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Lithuania issues warrant for Russian banker
Lithuania issues arrest warrant for Russian banker as troubled bank probe intensifies
By The Associated Press

VILNIUS, Lithuania (AP) ' Lithuanian prosecutors issued a European arrest warrant for the Russian owner of the Portsmouth Football Club in connection with hundreds of millions of dollars in assets stripped from a local bank, they said Wednesday.

Prosecutors said they Vladimir Antonov and his Lithuanian partner Raimundas Baranauskas are the main suspects in a pretrial investigation into an alleged fraud and money laundering case that is threatening to destroy two Baltic banks.

Lithuania's Snoras Bank was nationalized last week after regulators discovered a huge asset shortfall, while Latvian regulators suspended and took control of Latvijas Krajbanka due to an unexpected outflow of funds over recent days.



Antonov, 36, owned 68 percent of Snoras before it was nationalized and had controlled Latvijas Krajbanka through a 60 percent stake owned by Snoras.

Antonov is believed to spend most of his time in England, while Baranauskas, who held just over 25 percent in Snoras, is also abroad.

The Russian businessman recently undertook an unsuccessful attempt to buy out the Swedish automaker Saab but was prevented from doing so by European and Swedish authorities, who criticized Antonov for a lack of transparency about the origins of his capital.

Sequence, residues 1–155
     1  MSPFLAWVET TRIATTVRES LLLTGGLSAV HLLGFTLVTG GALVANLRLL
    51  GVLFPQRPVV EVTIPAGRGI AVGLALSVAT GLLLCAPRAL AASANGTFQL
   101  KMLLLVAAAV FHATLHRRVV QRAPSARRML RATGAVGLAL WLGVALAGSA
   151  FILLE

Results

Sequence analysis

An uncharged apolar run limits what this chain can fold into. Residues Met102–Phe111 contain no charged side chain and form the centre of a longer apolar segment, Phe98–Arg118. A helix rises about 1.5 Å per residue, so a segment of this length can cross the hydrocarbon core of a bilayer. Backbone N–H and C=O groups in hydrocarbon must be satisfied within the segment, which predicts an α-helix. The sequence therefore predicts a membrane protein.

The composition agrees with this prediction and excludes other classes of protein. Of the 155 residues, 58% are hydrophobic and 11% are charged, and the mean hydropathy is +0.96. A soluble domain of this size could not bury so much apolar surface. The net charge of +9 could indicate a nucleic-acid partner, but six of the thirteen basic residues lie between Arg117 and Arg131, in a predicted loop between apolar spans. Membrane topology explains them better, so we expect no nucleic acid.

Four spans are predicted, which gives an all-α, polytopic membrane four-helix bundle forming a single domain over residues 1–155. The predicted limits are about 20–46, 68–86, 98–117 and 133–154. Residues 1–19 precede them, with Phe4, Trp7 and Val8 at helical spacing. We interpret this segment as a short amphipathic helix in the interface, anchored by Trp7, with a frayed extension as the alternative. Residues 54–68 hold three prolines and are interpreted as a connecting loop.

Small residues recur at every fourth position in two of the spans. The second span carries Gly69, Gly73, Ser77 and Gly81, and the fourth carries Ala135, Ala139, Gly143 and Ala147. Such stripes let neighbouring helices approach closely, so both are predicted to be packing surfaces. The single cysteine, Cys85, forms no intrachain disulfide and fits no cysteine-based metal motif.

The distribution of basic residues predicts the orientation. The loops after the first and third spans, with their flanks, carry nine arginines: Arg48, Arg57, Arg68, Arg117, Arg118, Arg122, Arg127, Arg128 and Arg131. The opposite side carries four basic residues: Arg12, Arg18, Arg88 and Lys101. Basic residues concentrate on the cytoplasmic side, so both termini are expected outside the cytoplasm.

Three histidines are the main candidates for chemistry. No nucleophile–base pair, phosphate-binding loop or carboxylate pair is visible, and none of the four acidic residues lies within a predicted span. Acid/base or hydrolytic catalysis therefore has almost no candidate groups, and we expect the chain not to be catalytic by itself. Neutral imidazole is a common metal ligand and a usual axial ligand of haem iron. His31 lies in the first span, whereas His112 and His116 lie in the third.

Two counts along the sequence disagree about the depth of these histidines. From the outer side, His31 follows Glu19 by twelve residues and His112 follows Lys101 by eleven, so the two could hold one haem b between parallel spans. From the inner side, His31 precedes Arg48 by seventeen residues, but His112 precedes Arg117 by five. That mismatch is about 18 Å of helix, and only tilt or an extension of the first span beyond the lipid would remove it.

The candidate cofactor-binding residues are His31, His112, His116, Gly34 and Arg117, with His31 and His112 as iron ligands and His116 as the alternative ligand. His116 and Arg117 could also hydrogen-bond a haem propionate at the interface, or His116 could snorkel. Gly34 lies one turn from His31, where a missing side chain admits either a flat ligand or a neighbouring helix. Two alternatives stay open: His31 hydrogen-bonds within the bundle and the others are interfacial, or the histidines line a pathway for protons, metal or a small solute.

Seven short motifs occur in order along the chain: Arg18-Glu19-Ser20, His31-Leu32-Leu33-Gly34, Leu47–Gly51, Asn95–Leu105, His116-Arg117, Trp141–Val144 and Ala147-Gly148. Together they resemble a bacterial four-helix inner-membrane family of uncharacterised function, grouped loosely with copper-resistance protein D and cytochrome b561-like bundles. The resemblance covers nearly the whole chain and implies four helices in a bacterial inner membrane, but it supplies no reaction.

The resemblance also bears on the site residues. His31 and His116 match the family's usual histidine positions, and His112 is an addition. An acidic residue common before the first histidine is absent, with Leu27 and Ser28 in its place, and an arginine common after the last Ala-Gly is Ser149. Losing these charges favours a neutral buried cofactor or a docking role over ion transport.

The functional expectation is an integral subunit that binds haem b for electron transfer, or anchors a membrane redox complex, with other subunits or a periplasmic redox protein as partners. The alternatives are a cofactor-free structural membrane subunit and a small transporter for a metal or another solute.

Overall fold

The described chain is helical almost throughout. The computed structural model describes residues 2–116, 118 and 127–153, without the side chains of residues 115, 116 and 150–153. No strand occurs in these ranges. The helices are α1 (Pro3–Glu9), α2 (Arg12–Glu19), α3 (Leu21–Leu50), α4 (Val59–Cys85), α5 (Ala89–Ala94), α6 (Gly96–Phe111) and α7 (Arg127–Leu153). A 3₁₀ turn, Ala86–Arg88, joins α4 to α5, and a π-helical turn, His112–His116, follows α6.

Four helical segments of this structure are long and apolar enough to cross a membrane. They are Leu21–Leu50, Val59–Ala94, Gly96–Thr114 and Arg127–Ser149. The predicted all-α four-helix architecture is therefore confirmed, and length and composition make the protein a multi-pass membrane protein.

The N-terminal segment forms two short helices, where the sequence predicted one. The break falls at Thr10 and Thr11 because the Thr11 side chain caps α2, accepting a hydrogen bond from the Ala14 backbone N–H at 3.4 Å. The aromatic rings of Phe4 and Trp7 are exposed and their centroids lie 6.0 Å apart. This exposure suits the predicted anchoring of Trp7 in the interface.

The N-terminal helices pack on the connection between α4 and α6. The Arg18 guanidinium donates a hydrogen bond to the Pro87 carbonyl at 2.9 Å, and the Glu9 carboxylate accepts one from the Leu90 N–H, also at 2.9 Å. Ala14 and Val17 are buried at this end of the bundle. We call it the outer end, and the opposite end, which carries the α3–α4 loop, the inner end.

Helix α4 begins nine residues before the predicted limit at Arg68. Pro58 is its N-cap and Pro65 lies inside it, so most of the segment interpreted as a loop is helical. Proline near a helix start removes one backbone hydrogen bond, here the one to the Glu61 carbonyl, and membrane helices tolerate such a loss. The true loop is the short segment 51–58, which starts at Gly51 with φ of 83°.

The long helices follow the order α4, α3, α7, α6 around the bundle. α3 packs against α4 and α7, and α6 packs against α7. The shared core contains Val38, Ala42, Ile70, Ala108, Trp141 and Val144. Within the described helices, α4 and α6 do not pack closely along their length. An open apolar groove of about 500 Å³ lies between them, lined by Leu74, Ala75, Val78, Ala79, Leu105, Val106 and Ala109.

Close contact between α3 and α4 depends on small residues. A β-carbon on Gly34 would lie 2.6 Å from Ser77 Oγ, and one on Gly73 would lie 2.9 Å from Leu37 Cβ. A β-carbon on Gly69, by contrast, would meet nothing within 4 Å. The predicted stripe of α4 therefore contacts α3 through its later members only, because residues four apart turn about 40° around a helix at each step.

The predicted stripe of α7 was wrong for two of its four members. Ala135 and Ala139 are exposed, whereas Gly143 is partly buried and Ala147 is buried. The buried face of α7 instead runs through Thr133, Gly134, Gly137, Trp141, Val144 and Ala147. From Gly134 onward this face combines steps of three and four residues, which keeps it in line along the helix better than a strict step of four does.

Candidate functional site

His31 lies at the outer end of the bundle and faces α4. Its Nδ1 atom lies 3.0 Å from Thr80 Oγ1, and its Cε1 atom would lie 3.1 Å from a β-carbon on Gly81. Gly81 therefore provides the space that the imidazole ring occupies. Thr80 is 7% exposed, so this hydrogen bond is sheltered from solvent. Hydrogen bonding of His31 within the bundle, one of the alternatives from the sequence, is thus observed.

Fallout from the banks' woes was spreading. Lithuania's Olympic committee warned that it might not be able to send its athletes to London next summer since its funds were deposited in Snoras.

Raimonds Pauls, a Latvian pianist well known throughout the former Soviet Union, reportedly had some euro1 million ($1.35 million) in various currencies in Latvijas Krajbanka. He is likely only to get a tenth back since Latvia guarantees deposits only up to 100,000 euros.

Latvians on Wednesday lined up at Krajbanka cash machines, which had been closed the day before, to withdraw the daily limit of 50 lats ($100).

Leaders and regulators have said that there is no systemic risk from the two banks' insolvency given their average size. Snoras was Lithuania's fifth largest bank by assets, while Latvijas Krajbanka was Latvia's sixth largest by deposits.

Since Lithuania's government now owns Snoras, it essentially controls the fate of Latvijas Krajbanka.

However, Janis Brazovskis, an official with Latvia's Finance and Capital Markets Commission, said Wednesday that Latvijas Krajbanka was unlikely to survive the current troubles given the shortage of cash to cover its liabilities.


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